Csurka was a nationalist. He followed Winston Churchill who said: ‘When I am abroad, I always make it a rule to never criticize or attack the government of my own country’. This Spectrum should respect that Churchillian maxim. It is rather amusing how even in this present write-up Eva dismisses the opinions of the Writers’ Association. Orbán also dismisses all criticism, he is a politician. But this Spectrum should represent a broad range of opinions and be more balanced, which it is not.

Member

@Joseph What is the definition of “being abroad” on the Internet ?? Wake up and smell the 21th century.

Bowen
Guest

@ Joe: “When I am abroad, I always make it a rule to never criticize or attack the government of my own country”
Can you also supply the rest of that quote, plus the context in which Churchill made it? Otherwise, it just seems like you are being selectively attentive for your own ends (and I’m sure you wouldn’t things to seem that way).
Otherwise, you know, I could do that same. Churchill said: “I always make it a rule … to criticise… the government of my own country.”
See what I did there?

tigerente
Guest

The complete Churchill quote is: “When I am abroad I always make it a rule never to criticize or attack the Government of my country. I make up for lost time when I am at home.”
He was a member of parliament at the time.

John T
Guest

@ Bowen. The fuller quotation is:-
“When I am abroad, I always make it a rule never to criticize or attack the government of my own country. I make up for lost time when I come home.”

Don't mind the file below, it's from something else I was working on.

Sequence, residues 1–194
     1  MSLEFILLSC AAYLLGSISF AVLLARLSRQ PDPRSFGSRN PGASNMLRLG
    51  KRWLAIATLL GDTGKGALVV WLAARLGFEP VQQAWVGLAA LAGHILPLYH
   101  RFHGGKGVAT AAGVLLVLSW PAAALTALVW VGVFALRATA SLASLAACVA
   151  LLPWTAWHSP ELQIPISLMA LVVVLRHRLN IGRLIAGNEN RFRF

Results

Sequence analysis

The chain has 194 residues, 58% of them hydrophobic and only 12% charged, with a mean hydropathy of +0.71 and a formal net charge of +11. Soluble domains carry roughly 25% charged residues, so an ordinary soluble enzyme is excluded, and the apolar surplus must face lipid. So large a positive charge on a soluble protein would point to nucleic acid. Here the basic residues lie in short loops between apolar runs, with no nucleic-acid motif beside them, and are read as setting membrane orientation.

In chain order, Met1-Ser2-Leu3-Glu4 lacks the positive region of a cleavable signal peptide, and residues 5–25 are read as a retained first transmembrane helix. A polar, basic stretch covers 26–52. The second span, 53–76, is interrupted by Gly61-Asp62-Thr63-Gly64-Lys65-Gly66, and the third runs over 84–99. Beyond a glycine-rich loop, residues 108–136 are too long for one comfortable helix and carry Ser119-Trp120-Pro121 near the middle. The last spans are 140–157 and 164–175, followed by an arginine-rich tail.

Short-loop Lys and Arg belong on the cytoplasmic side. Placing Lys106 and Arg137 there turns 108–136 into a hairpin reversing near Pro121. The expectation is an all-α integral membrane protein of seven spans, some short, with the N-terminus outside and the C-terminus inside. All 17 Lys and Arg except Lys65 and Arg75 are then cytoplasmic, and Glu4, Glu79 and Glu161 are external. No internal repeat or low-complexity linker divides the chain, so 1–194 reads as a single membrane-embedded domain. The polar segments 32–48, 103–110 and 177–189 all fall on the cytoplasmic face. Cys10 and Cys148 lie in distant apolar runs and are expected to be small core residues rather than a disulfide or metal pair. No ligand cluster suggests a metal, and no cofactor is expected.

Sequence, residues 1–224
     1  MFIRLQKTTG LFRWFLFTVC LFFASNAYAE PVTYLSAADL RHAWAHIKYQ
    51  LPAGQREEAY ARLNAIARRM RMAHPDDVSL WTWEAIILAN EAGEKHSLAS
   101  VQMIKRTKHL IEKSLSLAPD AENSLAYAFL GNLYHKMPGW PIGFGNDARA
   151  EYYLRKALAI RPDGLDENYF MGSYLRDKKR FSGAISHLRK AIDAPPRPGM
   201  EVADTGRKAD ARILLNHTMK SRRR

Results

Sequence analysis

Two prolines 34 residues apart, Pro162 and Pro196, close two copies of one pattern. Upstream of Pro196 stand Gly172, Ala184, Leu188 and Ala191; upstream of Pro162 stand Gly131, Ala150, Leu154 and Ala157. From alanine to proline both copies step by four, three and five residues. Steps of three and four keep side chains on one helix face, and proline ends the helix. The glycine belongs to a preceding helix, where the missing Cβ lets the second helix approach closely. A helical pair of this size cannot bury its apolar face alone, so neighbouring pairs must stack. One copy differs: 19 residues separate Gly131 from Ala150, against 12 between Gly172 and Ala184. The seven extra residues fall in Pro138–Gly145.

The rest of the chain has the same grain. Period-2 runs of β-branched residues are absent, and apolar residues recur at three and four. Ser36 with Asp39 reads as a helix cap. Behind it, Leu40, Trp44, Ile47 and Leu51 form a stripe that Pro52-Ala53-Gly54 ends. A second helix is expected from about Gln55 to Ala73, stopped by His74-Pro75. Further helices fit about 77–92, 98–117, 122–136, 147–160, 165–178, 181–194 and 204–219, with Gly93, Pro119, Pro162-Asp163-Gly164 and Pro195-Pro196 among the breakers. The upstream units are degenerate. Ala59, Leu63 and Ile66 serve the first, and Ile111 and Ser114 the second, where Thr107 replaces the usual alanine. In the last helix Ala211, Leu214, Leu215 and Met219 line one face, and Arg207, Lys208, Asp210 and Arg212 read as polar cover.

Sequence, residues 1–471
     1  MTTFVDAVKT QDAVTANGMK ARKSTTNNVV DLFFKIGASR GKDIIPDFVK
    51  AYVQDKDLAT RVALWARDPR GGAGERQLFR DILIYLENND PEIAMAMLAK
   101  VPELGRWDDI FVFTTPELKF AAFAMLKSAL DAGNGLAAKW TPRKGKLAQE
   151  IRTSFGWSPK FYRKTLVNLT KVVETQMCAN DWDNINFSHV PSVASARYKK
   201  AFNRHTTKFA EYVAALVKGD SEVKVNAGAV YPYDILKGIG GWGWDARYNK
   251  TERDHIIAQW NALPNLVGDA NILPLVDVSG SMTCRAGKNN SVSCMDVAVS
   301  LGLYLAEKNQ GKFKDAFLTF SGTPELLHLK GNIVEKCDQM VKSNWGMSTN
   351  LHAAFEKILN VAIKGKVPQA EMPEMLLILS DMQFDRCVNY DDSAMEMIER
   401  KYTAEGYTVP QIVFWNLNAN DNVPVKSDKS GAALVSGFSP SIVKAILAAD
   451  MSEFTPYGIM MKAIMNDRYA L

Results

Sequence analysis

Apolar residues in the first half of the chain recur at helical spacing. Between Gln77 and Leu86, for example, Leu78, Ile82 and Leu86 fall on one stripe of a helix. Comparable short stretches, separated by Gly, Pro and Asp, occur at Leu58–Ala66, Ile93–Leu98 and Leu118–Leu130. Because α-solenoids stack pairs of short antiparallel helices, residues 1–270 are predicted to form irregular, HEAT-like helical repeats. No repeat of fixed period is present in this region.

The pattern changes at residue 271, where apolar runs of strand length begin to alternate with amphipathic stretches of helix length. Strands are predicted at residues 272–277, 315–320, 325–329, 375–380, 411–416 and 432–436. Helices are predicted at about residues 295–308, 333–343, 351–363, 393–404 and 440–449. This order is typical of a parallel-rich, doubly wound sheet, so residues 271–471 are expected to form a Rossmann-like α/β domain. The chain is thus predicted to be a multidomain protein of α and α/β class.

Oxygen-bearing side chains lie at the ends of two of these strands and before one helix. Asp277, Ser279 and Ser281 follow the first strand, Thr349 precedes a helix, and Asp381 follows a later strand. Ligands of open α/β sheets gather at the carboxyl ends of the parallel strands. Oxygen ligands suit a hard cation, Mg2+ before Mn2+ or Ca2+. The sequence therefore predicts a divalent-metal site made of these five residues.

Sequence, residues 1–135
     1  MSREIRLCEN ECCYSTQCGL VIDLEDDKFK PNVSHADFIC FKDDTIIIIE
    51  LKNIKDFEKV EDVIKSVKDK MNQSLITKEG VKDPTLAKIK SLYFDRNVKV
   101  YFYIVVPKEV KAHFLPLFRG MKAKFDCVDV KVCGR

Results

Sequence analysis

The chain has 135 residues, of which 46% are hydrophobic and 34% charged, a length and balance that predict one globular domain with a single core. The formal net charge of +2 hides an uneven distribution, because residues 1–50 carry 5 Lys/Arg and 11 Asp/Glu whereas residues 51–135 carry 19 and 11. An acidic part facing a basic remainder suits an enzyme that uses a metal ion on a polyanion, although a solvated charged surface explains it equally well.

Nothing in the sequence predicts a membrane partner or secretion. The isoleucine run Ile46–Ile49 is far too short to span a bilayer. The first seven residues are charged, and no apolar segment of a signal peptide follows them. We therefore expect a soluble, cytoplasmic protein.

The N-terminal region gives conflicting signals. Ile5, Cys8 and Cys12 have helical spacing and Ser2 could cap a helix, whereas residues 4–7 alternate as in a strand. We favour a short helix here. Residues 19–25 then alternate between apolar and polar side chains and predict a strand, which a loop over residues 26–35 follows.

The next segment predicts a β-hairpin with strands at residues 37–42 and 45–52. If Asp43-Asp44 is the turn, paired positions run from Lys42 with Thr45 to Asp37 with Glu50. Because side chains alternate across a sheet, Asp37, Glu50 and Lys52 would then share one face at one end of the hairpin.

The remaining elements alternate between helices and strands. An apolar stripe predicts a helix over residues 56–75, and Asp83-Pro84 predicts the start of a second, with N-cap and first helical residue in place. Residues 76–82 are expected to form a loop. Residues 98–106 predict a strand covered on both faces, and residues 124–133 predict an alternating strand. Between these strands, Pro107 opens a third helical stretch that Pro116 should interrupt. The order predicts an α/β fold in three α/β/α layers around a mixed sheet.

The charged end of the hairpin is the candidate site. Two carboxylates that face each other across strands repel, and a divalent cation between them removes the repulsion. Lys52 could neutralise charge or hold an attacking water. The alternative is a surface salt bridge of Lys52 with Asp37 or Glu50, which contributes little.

And he also said some other things that would be quite pertinent to the Hungary of 2012:-
“To build may have to be the slow and laborious task of years. To destroy can be the thoughtless act of a single day.”
“Some people regard private enterprise as a predatory tiger to be shot. Others look on it as a cow they can milk. Not enough people see it as a healthy horse, pulling a sturdy wagon.”

Ron
Guest

Joseph Simon: The exact quote of Churchill is:
When I am abroad, I always make it a rule never to criticize or attack the government of my own country. I make up for lost time when I come home.
It is a quote on Patriotism when he left office in 1947.

An
Guest

As for the rumor mill… Mutt Damon, how are you so well informed? Nomination for Pulitzer’s? Better be true, as it would be well-deserved indeed!

Eva S. Balogh
Guest

An: “Nomination for Pulitzer’s? Better be true, as it would be well-deserved indeed!”
It is true. One of our readers, a media expert, nominated me. Quite an honor.

Andras Sch
Guest